I have just spent a week in the field studying Masailand ecology and community conservation with Princeton University students. The location is not that remote (Kitengela and Olerai within 40 km of Nairobi) and the community are wonderfully resourceful when it comes to day to day tools for pastoralism.
Tractor tyre trough for water for goats and sheep
This old tractor or truck tyre was somehow cut, opened up and sealed at either end to make a perfectly good livestock watering trough. Even Joy Adamson noted that the Masai question using modern appliances if home made ones do the job anyway.
Tractor tyre cattle salt lick
Another way to make a salt lick, Evelyn just cut a truck tyre in half and placed it on the ground supported by stumps.
home made bucket works perfectly
Why buy a bucket when you can just make one with an old water container and a piece of metal?
Home made shovel
And if you don’t have a shovel for your manure, just straighten out some corrugated iron, cut it and nail to a stick and Presto – probably more effective than anything you could buy in Nairobi. Manure is one of the few products sold to passing trucks on these remote ranches.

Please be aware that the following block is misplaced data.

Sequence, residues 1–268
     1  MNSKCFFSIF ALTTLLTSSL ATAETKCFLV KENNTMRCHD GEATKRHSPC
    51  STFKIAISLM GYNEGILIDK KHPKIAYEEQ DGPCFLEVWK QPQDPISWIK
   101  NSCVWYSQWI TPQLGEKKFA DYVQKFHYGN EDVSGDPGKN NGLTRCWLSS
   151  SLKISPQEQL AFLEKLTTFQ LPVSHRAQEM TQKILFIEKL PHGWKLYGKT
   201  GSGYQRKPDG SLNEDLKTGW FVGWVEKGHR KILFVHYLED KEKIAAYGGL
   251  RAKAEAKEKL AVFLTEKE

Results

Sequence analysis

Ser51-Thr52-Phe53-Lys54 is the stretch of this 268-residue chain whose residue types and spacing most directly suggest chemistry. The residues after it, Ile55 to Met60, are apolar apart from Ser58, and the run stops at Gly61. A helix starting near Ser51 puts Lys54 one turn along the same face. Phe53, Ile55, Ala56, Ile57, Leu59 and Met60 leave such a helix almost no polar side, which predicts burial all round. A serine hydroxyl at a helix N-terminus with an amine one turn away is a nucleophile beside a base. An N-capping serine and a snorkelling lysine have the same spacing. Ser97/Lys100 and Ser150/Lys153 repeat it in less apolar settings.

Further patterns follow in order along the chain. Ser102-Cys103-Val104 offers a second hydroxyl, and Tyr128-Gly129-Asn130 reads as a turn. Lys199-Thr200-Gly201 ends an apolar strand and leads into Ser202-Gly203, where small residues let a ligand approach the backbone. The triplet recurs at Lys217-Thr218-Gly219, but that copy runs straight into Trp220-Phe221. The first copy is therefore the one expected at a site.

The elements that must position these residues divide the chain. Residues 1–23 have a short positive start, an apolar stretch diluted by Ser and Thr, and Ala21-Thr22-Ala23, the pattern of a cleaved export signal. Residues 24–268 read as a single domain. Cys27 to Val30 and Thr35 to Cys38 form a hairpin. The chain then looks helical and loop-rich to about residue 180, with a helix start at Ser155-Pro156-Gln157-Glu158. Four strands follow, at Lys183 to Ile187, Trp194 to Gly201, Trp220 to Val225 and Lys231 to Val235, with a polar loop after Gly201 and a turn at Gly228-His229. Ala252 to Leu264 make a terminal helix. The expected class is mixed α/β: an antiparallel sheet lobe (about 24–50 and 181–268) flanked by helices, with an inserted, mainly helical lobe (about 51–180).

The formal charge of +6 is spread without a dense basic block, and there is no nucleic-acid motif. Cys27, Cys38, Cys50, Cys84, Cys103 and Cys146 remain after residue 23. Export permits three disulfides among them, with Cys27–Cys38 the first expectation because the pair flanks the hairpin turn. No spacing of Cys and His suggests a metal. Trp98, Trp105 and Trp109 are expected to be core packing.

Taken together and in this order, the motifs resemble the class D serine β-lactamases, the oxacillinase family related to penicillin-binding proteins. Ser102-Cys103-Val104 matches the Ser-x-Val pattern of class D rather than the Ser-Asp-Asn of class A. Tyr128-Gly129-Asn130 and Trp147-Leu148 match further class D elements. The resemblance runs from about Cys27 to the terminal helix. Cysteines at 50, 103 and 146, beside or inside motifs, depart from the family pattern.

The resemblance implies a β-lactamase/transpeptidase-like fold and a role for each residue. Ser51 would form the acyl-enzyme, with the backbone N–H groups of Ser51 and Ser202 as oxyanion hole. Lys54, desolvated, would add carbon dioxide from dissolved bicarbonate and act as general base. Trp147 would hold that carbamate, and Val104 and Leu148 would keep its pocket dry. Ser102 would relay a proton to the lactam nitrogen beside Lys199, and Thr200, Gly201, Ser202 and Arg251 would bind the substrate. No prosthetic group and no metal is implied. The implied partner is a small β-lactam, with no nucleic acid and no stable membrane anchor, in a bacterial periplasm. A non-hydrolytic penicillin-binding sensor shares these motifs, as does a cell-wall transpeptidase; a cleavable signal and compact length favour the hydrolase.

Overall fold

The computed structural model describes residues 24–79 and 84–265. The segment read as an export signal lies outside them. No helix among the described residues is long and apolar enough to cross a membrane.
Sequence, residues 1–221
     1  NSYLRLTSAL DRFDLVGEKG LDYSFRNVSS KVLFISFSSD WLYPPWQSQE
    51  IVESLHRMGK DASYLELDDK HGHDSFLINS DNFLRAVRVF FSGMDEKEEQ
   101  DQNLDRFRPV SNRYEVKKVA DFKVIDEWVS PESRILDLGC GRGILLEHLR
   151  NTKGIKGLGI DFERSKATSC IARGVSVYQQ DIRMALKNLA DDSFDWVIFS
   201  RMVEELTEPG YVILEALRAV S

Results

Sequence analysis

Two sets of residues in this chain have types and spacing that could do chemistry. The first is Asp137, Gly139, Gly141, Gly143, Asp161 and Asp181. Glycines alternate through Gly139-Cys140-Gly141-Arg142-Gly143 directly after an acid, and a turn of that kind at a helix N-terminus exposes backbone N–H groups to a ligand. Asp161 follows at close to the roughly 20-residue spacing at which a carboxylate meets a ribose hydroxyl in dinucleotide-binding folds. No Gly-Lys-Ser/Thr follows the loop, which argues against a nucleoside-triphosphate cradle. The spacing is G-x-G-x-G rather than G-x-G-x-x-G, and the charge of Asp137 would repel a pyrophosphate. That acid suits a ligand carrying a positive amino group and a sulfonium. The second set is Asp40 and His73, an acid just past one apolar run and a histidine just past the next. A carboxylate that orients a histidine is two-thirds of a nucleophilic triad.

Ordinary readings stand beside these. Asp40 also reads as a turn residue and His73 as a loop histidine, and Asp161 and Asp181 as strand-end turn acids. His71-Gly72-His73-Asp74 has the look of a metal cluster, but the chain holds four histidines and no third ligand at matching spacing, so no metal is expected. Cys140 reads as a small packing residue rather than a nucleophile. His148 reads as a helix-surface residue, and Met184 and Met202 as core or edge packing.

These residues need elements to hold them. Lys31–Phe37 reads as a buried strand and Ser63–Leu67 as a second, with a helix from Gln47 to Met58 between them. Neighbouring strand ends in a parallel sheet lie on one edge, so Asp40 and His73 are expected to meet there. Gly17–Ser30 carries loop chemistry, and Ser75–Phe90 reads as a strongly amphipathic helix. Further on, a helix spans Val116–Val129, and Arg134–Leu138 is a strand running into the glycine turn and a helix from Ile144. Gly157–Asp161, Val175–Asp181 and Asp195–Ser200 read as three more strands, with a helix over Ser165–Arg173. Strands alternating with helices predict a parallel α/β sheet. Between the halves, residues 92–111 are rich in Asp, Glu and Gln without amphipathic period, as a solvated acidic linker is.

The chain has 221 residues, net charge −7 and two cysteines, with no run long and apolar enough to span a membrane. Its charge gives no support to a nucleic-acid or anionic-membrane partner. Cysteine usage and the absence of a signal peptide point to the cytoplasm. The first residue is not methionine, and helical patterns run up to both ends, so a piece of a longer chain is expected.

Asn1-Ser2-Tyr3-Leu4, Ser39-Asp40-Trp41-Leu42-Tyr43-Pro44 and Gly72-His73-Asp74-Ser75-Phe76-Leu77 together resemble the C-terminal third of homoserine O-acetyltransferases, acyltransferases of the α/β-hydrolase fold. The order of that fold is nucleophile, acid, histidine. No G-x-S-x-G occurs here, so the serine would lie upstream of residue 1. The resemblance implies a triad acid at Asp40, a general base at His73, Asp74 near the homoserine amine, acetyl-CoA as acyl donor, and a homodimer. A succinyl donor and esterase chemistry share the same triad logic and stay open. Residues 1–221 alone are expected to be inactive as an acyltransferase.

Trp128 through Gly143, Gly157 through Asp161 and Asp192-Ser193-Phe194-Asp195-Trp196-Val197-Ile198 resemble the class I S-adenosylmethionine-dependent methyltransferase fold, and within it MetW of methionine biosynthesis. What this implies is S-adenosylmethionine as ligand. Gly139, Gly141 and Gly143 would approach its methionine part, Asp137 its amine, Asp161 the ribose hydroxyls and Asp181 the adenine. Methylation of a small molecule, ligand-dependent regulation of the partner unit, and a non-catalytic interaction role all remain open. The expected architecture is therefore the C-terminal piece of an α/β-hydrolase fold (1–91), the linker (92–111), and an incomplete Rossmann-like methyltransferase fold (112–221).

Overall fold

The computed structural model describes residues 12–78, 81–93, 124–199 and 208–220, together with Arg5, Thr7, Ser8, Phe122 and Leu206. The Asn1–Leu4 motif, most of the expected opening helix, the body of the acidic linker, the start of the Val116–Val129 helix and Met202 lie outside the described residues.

Keeping land open for wildlife migrations in and out of Nairobi National Park can be costly to those living with wildlife. Those in The Wildilfe Foundations land lease scheme earn 4$ per acre per year to keep the properties open (no fences) and to supplement their income they make beautiful beaded artworks for sale on Olerai Conservancy.
It might look like a tough life for some of us, but the Masai out here seem perfectly satisfied and at peace